Because you only have a few short seconds to grab your potential client’s attention, you have to make it clear on your homepage that they are in the right place.

What would you think if you were looking for help with some of your biggest life challenges, looking at multiple therapists’ websites, and you landed on this homepage?:

therapist website mistakes 1

I’m wondering who the guy is in the photo.

It’s probably not the client, but it’s coupled with the testimonial I see.

Maybe it’s the therapist?

Looks like a nice guy…

The point is, I’m not sure… and I’ve wasted valuable seconds trying to figure out if this website is for me and if this therapist can help me.

It’s not quite clear.

Solution:

Let your ideal client know they are in the right place and that you get them.

Meet them where they’re at and think about what they’re feeling as they’re searching for help.

Use the homepage’s prime real estate to quickly communicate who you help and what you help them achieve.

Your “unique selling proposition” as they call it.

For more on developing your “unique selling proposition”, check out this post: 10 Things To Do BEFORE You Create A Counseling Website

Homepage Mistake #2: Sliders That Have No Purpose

We’ve all seen them.

Those huge photo slideshows with overlayed text swishing across the homepage.

But what exactly are they accomplishing?

Too often, I see people giving too much real estate to homepage sliders that don’t actually communicate anything.

Sometimes, a therapist will put a few quotes in this area.

Quotes, while maybe meaningful to you, mean very little to someone who is trying to solve a problem in their life.

It says nothing about how you can help your potential client.

And research shows that users often do not interact with sliders and will often skip right over them.

Check out this quote from Craig Kistler, Founder of Strategy & Design Co. said about homepage carousels/sliders:

In all the testing I have done, homepage carousels are completely ineffective… In test after test the first thing the visitor did when coming to a page with a large carousel is scroll right past it and start looking for triggers that will move them forward with their task.

Carousels used to be the bees-knees.

But now they’ve become a distraction when a user is trying to find the info they’re looking for on a website.

Solution:

Basically, don’t use sliders and keep things simple.

Make sure your homepage’s prime real estate is given to a simple, clear message that connects with your ideal client.

Don’t distract your clients with quotes in this valuable homepage area.

Rather, give them the info or opportunity they need to click through to the next page where they’ll find the meat of what they’re looking for on your website.

And if you insist on using a slider, just know that anything after the first slide will most likely be overlooked.

Homepage Mistake #3: Too Much Text & Information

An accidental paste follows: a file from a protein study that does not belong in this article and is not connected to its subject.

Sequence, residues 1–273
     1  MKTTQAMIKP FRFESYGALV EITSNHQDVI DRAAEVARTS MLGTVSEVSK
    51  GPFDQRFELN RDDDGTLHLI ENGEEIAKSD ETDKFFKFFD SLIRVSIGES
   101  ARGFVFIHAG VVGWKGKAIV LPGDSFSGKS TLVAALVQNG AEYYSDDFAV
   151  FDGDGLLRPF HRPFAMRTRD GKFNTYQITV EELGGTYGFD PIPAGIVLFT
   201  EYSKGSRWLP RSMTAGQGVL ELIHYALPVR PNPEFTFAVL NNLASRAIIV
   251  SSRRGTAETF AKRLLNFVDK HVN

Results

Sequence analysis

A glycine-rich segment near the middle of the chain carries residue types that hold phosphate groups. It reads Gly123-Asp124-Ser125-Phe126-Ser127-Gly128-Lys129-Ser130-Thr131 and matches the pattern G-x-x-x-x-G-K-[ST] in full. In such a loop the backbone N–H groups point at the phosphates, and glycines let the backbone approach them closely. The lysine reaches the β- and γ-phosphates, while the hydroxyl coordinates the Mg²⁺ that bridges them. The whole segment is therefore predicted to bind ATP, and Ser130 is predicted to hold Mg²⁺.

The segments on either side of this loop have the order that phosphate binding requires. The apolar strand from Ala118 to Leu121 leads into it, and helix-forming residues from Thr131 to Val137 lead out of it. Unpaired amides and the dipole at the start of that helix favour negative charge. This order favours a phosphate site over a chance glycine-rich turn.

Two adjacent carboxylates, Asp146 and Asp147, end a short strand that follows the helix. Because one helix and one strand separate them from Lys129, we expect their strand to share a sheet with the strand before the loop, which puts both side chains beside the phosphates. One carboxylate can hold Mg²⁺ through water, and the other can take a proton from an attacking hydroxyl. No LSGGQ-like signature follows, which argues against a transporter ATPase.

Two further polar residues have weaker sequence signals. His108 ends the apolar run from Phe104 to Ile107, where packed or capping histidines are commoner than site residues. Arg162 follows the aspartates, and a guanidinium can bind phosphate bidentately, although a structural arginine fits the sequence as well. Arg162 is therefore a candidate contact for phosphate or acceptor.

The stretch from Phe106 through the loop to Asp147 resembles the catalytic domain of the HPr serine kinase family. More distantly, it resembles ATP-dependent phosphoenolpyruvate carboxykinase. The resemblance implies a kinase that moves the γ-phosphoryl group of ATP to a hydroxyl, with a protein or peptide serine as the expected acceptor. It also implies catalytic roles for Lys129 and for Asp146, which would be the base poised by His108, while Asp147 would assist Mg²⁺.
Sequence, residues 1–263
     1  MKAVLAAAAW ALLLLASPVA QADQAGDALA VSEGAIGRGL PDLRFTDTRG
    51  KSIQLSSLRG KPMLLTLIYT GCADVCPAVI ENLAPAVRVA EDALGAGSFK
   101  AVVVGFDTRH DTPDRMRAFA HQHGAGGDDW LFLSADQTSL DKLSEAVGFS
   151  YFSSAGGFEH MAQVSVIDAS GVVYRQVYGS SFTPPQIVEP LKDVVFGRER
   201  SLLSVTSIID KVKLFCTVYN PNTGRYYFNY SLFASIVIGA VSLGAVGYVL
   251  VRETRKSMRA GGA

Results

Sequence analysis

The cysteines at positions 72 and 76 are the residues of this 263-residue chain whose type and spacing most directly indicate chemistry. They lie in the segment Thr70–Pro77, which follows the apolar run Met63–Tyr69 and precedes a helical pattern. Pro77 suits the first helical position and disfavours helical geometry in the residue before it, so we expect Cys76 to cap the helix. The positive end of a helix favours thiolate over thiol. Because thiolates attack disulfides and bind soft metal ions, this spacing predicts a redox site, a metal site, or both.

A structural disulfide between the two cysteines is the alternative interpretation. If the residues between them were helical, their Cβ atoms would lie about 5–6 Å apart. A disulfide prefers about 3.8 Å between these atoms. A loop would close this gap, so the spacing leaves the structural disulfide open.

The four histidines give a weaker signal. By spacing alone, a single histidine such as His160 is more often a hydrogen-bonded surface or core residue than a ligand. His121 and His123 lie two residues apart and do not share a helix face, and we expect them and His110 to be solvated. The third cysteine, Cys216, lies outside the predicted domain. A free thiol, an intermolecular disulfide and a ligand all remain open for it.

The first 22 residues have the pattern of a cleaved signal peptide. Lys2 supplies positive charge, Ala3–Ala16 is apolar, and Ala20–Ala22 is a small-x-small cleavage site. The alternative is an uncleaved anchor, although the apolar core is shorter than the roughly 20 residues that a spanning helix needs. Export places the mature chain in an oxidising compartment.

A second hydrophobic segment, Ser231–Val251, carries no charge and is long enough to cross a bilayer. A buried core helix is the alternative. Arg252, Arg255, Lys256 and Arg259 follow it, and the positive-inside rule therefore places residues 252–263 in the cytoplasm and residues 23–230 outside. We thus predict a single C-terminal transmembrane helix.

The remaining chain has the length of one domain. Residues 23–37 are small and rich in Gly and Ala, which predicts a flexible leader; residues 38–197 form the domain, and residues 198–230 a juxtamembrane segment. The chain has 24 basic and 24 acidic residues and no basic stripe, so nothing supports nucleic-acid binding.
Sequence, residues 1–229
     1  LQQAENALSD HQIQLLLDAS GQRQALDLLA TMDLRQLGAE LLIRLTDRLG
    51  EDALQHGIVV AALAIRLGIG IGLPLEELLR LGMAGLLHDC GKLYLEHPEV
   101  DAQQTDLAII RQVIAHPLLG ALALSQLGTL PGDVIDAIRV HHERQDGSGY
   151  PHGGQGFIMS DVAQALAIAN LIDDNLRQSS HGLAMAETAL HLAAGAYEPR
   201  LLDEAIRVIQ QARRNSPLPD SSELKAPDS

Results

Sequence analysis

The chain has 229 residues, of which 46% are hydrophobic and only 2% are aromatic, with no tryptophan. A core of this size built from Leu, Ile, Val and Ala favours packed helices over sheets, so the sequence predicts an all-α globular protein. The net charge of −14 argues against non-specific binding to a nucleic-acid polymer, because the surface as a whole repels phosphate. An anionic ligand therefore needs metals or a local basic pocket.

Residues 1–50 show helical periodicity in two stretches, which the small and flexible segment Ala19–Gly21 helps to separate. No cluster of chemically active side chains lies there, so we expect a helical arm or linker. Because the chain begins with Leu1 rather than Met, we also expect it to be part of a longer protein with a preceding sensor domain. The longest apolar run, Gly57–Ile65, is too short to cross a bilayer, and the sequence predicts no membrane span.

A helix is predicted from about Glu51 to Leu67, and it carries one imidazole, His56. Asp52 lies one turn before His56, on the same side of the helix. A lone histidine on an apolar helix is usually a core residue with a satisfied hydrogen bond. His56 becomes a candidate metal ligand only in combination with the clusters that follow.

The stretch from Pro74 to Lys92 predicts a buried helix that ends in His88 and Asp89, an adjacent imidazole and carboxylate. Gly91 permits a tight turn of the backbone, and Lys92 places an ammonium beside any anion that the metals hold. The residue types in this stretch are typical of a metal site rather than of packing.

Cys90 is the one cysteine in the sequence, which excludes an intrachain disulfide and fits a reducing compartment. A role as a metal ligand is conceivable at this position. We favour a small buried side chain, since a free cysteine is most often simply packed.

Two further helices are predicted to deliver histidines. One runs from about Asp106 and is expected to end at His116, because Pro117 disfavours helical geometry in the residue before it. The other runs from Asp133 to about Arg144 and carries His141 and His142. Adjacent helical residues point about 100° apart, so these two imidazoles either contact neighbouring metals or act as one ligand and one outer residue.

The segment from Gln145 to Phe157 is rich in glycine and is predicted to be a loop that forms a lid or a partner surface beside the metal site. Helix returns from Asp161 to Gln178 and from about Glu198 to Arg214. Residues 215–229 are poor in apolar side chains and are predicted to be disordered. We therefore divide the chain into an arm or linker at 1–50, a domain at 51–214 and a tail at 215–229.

Have you ever been online, maybe searching for a service or a product you want to purchase?

You’re using Google and you click on a promising link, land on the homepage and you’re suddenly met with a wall of text…

It’s like someone’s just handed you a book and told you, “here, read this, you’ll find what you’re looking for in there somewhere”.

It can be frustrating!

This is the same thing that happens to your potential clients when you’ve crammed too much information into your homepage.

They want to know if you can help them.

And they want to know it quickly.

So giving them homework and making them dig for that information won’t help them find what they’re looking for.

Chances are, they’ll get overwhelmed and leave your website.

Remember: The purpose of your homepage is to get the user to the next page; to get them the information they’re looking for.

Once they’ve landed on that NEXT page, they’ve indicated what they’re interested in, so that’s where the bulk of the text/content/info belongs.

When you put it all on your homepage, you’re deciding FOR the client what you think they should know, rather than letting them lead the journey.

And no one likes to be told what to do.

Solution:

Treat the homepage as an introduction to you and your services.

Keep copy simple, clear and let the user decide where they want to go to learn more.

Think about the most important information you can share to gently lead your client into your website to learn about you and your services.

Homepage Mistake #4: Hiding Contact Information

This mistake is a pretty straight forward one with an easy fix.

As a therapist, I’m guessing that the main goal of your website is to get new clients to contact you.

You want to get them off your website and on the phone or in your inbox… and ultimately in your office.

As I mentioned earlier, the busyness of life and the amount of distractions your clients face means you’ve got to make it as easy as possible to use your website and find what they’re looking for.

If they’re looking to contact you, make it as easy as possible, so when they’re ready they know exactly where to click to get in touch with you.

Solution:

Here are a few ways you can make it easy for your potential clients to contact you:

  • Have your contact information consistently appear in one place throughout the website (such as a top bar and/or footer)
  • Include one clear call to action to encourage the client to take the next step
  • Create a single page where clients can contact you and place a link in the menu, making the last link

Do the above and it will help give your potential clients zero excuses about not being able to contact you.

Homepage Mistake #5: Too Many Calls to Action

A call to action is when you ask your website visitor to DO something.

“Click here to learn more”

“Contact me now for a free 15 minute consultation”

Stuff like that.

When your potential clients are faced with too many options, the user can get overwhelmed and decide to leave the website.